Meanwhile, new templates are coming out to help you turn shortcode-like content into Gutenberg blocks. Adding this integration now means your plugin will be supported by the time Gutenberg is integrated into core, so you should definitely begin the process sooner rather than later.

2. Test Custom Media Output

Media gallery output from Gutenberg
An example of an embedded media gallery in Gutenberg.

Although there’s a big change to the way Gutenberg handles each piece of content, this shouldn’t cause problems with most plugins. However, if your plugin inserts any kind of custom media within posts or pages, you’ll likely want to check for compatibility issues that may arise from the new approach. This is especially important as the way media displays on the front end can have a drastic impact on the overall experience of your site.

To test this out, once again create a new post in Gutenberg. Of course, you’ll need to make sure your media plugin is activated and works with other normal posts and pages. Then, view the page to check the output generated by Gutenberg. Play around with different layouts that include your custom media, and watch for any unexpected behaviors on the front end. This could be resizing issues, ‘alt’ text or captions not displaying, or a myriad of other problems you’ll need to resolve.

In short, thorough front end testing is always a good idea, but is especially important when such drastic changes are on the way!

3. View Gutenberg Content in Custom Templates

Custom WordPress template code
An example of a custom template in a WordPress theme.

Since Gutenberg is a completely new content engine, there’s a good chance that it may interact differently with your current page layouts. This is especially important if you are developing themes or plugins that include default styling for pages.

You’ll likely want to keep an eye on this as development continues with Gutenberg. Given that the plugin is in beta, there’s plenty of scope for changes down the line, which may affect the output of any custom templates made by your WordPress plugins and themes. Gutenberg’s goal is to make beautiful page layouts simpler, but this may cause some incompatibility with older solutions. For example, the Gutenberg editor doesn’t support meta boxes yet, so you may need to find ways to work around this in your templates.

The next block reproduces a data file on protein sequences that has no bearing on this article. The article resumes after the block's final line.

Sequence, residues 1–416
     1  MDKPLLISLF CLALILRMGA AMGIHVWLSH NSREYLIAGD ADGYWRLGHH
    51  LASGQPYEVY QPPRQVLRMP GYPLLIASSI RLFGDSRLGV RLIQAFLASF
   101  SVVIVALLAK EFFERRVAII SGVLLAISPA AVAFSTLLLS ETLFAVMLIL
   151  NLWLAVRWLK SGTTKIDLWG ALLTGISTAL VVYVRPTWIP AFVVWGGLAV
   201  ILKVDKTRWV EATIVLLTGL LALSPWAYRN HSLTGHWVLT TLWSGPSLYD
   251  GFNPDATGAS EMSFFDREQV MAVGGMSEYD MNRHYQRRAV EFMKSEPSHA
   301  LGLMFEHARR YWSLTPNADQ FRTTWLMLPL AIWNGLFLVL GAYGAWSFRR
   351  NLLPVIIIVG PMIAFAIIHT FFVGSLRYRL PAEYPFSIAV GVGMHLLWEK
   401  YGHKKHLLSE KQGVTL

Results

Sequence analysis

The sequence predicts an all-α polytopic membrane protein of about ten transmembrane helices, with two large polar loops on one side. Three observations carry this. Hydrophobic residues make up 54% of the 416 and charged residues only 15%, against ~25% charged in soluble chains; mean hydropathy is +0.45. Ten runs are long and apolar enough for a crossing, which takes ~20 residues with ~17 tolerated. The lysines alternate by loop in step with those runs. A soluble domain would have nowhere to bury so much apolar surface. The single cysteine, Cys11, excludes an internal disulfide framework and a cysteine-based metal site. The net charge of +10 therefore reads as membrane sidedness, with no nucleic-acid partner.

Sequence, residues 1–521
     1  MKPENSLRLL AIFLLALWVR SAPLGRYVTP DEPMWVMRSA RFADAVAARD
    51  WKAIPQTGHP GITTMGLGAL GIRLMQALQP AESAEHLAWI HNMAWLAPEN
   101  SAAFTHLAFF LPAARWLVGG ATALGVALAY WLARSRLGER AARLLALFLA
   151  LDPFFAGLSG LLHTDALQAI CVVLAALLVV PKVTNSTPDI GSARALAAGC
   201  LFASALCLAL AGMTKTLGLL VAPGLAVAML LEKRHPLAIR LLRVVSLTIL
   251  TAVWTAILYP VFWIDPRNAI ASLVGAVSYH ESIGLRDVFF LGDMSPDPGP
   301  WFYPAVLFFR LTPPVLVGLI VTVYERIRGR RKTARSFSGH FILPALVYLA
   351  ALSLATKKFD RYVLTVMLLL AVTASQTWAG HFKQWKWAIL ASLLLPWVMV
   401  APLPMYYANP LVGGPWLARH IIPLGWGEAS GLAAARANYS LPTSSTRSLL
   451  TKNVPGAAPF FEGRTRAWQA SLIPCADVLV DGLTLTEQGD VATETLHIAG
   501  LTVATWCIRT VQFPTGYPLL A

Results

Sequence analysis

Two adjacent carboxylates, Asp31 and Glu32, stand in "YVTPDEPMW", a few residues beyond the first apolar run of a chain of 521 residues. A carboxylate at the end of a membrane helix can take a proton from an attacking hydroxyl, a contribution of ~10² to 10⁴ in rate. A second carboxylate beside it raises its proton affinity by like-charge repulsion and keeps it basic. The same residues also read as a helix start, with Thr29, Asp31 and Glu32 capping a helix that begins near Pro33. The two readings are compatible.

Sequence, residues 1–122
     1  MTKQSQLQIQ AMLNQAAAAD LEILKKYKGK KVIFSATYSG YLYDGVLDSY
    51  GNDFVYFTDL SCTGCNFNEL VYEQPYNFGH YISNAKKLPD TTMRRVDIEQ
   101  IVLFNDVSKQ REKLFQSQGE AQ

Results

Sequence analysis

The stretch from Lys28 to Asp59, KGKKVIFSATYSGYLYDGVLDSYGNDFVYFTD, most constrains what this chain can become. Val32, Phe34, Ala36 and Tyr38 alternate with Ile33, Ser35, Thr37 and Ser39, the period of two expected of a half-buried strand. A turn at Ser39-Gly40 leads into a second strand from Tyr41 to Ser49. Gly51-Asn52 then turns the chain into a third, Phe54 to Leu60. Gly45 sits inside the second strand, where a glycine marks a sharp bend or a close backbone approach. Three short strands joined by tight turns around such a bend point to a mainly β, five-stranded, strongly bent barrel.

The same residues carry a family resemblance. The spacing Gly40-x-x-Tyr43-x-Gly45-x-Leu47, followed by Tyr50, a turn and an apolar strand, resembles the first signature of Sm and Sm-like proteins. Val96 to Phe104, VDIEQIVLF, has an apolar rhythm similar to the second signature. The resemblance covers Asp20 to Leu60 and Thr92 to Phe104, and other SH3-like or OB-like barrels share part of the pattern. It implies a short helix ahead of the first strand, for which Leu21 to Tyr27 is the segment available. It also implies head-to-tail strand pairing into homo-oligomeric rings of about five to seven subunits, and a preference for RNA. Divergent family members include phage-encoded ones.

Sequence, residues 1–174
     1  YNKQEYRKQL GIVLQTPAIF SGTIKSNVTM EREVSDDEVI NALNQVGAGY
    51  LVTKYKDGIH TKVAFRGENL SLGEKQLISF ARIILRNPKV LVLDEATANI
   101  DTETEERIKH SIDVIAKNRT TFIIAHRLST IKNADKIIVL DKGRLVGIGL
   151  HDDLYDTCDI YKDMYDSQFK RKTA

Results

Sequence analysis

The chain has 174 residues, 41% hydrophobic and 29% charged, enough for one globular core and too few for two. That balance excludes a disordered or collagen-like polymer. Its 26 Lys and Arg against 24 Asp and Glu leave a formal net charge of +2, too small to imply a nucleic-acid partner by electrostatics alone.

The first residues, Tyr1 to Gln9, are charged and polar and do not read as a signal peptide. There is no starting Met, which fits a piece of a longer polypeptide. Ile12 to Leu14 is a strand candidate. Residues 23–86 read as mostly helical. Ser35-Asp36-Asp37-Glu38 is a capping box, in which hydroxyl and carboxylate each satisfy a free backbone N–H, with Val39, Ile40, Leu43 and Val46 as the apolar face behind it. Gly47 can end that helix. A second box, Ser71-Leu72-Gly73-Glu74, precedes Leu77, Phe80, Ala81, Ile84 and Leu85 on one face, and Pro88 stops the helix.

If your theme relies on custom templates, you should check whether they are working as intended. Once again, this can be done by setting up a Gutenberg page that should automatically load them through the hierarchy. Should you run into issues that cannot be addressed within your own plugin or theme, you should leave a report on the official Gutenberg GitHub project to help get them resolved before it’s merged into core.

Conclusion

Staying up to date with WordPress can be a challenge, but as an active developer it’s your job to maintain code that works with changes to the platform. The addition of the Gutenberg editor is imminent, and by testing your themes and plugins with it now, you can catch any severe issues ahead of time.

To review, here are three important ways you should be testing your plugin with the Gutenberg editor:

  1. Check for proper shortcode output, possibly supplementing them with custom blocks.
  2. Test media output for unexpected behaviors.
  3. View Gutenberg content in custom templates to ensure they still look correct.

Do you think Gutenberg will make your WordPress plugin development easier? Tell us why in the comments section below!

Image Credits: Hannes Wolf.

John Hughes

John is a blogging addict, WordPress fanatic, and a staff writer for WordCandy.

The post How to Test Your Plugins With the Upcoming Gutenberg Editor appeared first on Torque.